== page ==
Posts Tagged ‘Charlemont’
It’s the Fourth Quarter of our 40th Anniversary year and we’re excited to share a whole new batch of products and designs with you.
The Clivia Hat and Mitten Set has fun, decorative buttoned details and the pattern includes a fingerless mitts version.
Of course we’ve got another exclusive project bag from Della-Q, there will be three more weaving drafts as well as a few additional patterns and surprises before the end of the year! Be sure to follow us on Facebook, Twitter, Pinterest, Google +, Instagram, or on Ravelry for all the latest.
This week we’re featuring one of our favorite designs from the 2014 Valley Catalog, the Colorfall Cardigan. Knit in three colors of our luscious Valley Yarns Charlemont, this cardigan has a sleek yet cozy look that pairs well with jeans and a t-shirt or with that little black dress. And while Charlemont may be a fingering weight yarn, when knit on a larger needle the result is a lightweight fabric with lots of great movement and drape.
From the designer, “The recommended gauge for Charlemont (7-8 sts per inch), is for a solid stockinette stitch fabric, neither sheer nor extremely dense. The Colorfall Cardigan deliberately uses a much looser gauge in order to keep the fabric light and flowing and it is in fact slightly sheer under the right lighting conditions. As with any pattern, you must use whatever needle size is needed to get the gauge described in the pattern in order to achieve the same size and fit.”
Great blocks of color break up the easy stockinette fabric and with 18 colors of Charlemont to choose from, as well as coordinating Kettle dyed and hand dyed colors, the possible color combinations are almost endless!
This week’s featured pattern graces the cover of our 2014 Valley Catalog, the Falling Leaves Shawl. This has been one of our most popular patterns of the last few years. Originally knit in the soft Stone Blue color of Valley Yarns Stockbridge it has gotten a stylish update in the Fall Festival colorway of Valley Yarns Charlemont hand dyed by the Kangaroo Dyer.
The simple, biasing lace stitch works together with the vibrant hand-dyed colors to resemble a canopy of changing autumn leaves. Check out all the gorgeous completed Falling Leaves Shawls over on Ravelry.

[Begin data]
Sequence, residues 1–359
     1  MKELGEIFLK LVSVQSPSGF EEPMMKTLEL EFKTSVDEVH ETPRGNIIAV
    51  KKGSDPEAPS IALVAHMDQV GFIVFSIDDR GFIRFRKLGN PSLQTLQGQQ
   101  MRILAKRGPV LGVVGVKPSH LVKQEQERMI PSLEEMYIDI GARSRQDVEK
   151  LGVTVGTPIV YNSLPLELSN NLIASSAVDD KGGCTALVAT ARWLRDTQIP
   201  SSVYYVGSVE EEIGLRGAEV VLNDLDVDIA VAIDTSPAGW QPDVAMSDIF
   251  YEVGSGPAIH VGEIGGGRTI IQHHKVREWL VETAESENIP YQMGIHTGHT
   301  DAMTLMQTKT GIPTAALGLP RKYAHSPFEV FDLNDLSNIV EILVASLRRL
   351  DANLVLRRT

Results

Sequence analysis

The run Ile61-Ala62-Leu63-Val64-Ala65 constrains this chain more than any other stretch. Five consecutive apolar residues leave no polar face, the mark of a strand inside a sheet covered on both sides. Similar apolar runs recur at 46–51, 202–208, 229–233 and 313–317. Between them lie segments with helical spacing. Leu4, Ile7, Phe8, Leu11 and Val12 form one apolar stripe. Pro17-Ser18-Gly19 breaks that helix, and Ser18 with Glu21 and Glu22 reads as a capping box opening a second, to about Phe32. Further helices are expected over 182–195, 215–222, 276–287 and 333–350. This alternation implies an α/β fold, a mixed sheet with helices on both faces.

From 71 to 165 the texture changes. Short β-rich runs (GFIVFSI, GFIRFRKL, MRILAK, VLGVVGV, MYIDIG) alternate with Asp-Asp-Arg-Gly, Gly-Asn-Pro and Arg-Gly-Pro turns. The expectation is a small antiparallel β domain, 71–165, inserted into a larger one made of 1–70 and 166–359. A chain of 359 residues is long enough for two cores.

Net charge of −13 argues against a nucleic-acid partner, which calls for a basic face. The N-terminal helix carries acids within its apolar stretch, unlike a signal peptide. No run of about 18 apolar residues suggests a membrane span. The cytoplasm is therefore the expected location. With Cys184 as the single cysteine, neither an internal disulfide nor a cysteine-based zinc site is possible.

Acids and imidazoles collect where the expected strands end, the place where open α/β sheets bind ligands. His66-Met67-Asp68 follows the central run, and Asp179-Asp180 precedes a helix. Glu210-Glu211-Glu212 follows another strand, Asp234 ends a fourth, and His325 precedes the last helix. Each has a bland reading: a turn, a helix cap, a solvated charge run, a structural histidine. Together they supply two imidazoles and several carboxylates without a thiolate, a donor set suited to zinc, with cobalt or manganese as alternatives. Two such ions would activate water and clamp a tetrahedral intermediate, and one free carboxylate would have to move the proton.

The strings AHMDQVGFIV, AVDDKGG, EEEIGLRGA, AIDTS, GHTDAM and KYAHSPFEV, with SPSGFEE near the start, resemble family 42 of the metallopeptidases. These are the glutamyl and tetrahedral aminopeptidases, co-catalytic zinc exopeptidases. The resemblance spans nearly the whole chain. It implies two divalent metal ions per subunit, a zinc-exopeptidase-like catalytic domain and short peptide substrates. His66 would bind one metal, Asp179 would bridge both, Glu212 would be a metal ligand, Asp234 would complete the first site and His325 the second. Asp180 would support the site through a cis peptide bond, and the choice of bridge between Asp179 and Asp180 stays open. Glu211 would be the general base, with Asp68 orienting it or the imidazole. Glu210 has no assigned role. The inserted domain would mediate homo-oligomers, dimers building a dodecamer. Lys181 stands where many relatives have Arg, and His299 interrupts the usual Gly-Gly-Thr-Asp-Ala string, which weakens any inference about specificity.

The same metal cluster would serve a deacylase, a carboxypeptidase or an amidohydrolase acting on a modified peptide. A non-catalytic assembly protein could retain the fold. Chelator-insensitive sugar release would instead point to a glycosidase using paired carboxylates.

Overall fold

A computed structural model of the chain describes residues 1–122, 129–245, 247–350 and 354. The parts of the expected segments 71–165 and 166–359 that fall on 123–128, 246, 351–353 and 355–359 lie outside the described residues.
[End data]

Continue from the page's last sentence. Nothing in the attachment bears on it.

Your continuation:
If you’ve spent any time on Pinterest you’ve probably seen the posts about dyeing t-shirts with sharpies, our Customer Service Supervisor, Theresa, wondered if it could be done with yarn, and it can!
You’ll need yarn, your choice in colors of Sharpie markers, and rubbing alcohol in a spray bottle – it takes A LOT of the rubbing alcohol, we used almost 12 fl. oz for this project. Place skein of yarn on swift and untie the securing threads, if your yarn is not in a hank you can wind it onto a swift to make the dyeing process easier.
Color your yarn being careful not to damage the strands, and make sure you flip the skein over to color the other side! Then spritz with alcohol, on both sides, until the colors begin to bleed. Set your yarn aside to dry. You may want to take this in stages letting the yarn dry completely between colors.
My final yarn color reminds me of my sister’s favorite fun-fetti cake mix! Give it a try and let us know how you do.
I knew as soon as I saw Sara Delaney’s Amethyst Brook Crocheted Afghan for the first time that it was the pattern I’d been waiting for. I’d been
hoarding collecting colors of Elsebeth Lavold Silky Wool for an afghan. A year later I’m still making my way through the afghan, wanting to make it bigger and bigger, yet not tired of making hexagons. When Valley Yarns Charlemont arrived with all of the amazing colors, I knew it had to become a hexagon scarf for my best friend.
Starting the scarf I had no idea how much yarn I would need. So I bought one skein each of five colors, one of which is the Valley Yarns Charlemont Kettle Dye. One skein was the right amount for the main purple color. But I had so much yarn left of the other colors. This would be a great project to do with a friend, sharing the contrast colors to cut down the cost of the project. Plus it’s always more fun to work on a project with someone.
The finished dimensions of the scarf is 6.5″ x 64″ and I used 80 hexagons. Crocheting all of the hexagons goes pretty fast. But joining the hexagons is a lot slower than you think it would be. Yet Sara’s joining technique is so elegant and tidy, it’s well worth the effort. You can see more details of the scarf on my Ravelry project page.
Now the question remains,”What do I do with all of my extra Charlemont?” I’ve though about knitting a striped shawl, maybe a Citron. Or I could play around with some log cabin knitting or some modular knitting. Or I can wait for the new Charlemont Hand Dyed from the Kangaroo Dyer that’s coming soon. I saw the test colors and there are a few I must have. Whatever I end up doing with the rest of the Charlemont, it’s such a treat to work with I’m sure to have some fun.